I know this isn’t the timeframe I usually focus on, but I thought it was a fun story. Do they look like a train robbing gang? The one on the far left doesn’t, to me, but the one on the far right looks like he’d enjoy the whole process.
There was some amazing preservation work done by the WPA, this is just an excerpt from a huge undertaking. I’m glad stories were preserved before they disappeared.
What a great picture of the Corpus Christi beach! I grew up there, and it looks nothing like that today.
I wonder where the horn is now?
This is who I pictured in the first book, the Case of Bonnie and Clyde, as being the gentlemen outside the courthouse. It’s a widespread practice, it looks like.
I’m going to start sharing some of the really cool stuff Facebook finds for me over here every couple of weeks. I can’t share it all the time from my page, otherwise y’all would know too much about my habits (I laughed just typing that).
A year or so after I got the idea for The Case of The Osage Heiress, I started seeing this book everywhere.
This is a very comprehensive, well-researched and captivating book about what’s called the Osage Murders, the murder of Anna Brown and her sister’s search for justice.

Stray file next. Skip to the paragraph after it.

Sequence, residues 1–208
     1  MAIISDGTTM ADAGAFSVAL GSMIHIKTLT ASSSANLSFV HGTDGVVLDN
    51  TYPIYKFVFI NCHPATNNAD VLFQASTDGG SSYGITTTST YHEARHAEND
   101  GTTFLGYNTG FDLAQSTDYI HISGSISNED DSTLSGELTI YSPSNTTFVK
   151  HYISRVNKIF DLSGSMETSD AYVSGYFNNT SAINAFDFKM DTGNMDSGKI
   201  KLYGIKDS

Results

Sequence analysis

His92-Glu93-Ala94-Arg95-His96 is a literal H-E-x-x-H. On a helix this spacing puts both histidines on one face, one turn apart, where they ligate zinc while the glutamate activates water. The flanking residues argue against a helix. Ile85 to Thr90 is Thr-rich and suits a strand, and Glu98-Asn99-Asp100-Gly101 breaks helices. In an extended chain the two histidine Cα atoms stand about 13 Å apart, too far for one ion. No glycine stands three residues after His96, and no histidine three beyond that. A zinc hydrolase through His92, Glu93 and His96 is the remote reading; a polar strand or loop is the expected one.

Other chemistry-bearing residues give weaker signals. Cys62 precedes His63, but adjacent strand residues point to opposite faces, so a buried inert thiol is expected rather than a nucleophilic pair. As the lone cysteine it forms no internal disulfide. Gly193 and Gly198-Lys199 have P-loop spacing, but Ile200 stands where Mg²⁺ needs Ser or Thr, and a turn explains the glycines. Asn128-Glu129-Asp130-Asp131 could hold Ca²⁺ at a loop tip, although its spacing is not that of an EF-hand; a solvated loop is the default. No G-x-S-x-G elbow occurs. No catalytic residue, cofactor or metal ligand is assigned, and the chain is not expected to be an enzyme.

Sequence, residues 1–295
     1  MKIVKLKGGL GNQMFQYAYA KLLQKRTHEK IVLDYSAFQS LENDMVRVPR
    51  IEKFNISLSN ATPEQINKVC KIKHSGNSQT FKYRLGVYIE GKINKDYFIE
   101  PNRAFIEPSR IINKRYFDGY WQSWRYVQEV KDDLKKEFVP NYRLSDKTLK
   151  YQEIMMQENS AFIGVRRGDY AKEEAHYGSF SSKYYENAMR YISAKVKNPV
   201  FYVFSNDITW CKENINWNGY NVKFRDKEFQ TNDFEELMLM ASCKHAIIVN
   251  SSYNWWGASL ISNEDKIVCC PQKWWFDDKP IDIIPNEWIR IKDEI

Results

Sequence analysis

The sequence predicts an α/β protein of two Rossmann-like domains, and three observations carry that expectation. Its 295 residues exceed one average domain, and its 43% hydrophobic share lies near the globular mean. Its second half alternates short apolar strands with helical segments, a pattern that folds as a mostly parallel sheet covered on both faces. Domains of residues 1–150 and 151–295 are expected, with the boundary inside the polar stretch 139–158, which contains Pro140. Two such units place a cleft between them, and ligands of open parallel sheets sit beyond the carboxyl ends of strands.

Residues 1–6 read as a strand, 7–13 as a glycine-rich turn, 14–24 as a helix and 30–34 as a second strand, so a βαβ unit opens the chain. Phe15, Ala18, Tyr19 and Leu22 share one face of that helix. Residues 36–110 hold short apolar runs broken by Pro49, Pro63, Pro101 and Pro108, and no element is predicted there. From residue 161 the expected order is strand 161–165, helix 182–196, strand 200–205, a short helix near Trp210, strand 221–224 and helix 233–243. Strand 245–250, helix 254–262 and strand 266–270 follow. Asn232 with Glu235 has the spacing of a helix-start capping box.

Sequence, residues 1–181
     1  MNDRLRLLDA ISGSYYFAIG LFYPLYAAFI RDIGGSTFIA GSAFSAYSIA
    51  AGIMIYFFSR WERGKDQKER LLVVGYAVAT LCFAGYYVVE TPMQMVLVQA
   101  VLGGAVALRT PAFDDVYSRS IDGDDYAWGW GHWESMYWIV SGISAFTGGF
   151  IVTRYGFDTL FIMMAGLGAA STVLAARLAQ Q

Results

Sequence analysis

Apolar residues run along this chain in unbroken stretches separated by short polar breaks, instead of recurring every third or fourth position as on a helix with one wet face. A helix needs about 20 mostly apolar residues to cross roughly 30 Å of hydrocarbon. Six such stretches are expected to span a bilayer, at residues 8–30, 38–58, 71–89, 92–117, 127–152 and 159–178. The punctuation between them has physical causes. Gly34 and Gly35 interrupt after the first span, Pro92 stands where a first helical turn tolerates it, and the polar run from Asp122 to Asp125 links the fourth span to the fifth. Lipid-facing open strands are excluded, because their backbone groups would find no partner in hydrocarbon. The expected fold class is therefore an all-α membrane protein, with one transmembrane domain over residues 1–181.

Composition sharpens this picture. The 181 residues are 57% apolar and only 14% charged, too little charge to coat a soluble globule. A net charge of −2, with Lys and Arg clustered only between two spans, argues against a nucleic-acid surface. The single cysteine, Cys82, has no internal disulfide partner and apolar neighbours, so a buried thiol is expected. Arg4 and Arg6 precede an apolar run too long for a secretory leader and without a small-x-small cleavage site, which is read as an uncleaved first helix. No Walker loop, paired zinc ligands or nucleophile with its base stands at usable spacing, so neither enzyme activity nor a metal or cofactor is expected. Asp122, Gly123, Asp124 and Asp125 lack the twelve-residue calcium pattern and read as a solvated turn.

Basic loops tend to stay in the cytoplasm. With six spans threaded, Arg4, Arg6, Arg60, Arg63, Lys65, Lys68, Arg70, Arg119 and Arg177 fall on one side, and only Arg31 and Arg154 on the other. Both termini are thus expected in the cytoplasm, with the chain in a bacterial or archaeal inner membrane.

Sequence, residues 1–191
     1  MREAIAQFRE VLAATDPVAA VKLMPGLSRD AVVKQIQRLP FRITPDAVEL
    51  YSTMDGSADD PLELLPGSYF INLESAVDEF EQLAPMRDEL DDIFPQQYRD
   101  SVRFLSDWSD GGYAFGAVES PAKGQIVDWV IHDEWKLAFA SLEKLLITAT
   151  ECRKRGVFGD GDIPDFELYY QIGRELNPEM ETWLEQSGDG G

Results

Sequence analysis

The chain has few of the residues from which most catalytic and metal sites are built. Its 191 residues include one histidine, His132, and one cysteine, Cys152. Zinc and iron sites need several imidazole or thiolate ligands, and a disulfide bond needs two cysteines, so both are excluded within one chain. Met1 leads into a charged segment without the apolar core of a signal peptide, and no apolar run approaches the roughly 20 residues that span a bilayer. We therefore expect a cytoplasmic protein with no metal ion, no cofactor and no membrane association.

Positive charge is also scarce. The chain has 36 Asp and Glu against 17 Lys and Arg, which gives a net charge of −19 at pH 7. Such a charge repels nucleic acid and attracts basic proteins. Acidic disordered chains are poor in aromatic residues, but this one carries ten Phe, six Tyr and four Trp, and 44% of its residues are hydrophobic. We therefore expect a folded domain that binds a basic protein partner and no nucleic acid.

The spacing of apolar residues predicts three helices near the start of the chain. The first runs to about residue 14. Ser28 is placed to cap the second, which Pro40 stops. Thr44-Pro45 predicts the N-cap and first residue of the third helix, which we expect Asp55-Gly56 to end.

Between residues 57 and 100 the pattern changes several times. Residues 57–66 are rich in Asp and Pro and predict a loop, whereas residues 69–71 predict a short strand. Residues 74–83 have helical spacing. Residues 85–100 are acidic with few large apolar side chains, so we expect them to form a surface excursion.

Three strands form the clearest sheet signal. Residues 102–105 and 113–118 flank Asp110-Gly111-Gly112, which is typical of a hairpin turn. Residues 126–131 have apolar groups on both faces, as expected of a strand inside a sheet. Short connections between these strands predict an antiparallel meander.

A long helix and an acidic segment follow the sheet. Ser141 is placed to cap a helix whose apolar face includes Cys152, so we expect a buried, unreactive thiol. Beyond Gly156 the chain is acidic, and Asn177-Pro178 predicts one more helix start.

It pulls in a lot of context on the FBI and investigator’s side, and has amazing first-hand accounts from unusual sources, including living relatives of some of the villains. This really is what I’d recommend as the definitive work on the case.
Honestly, I had a hard time reading the whole thing all the way through. The enormity and scope of the injustices and violence made me too angry to read very long in one sitting.
I read a note in an academic paper that has stayed with me – the descendants of the victims and “guardians” still live in the same communities now that they did then. The Osage remember who the “guardians” were and do no business with them. We need to remember where the “guardians” came from, what they wrought and how it is still unaddressed.
The author did a masterful job of weaving together a cohesive story without over-sensationalizing anything, and I highly recommend it.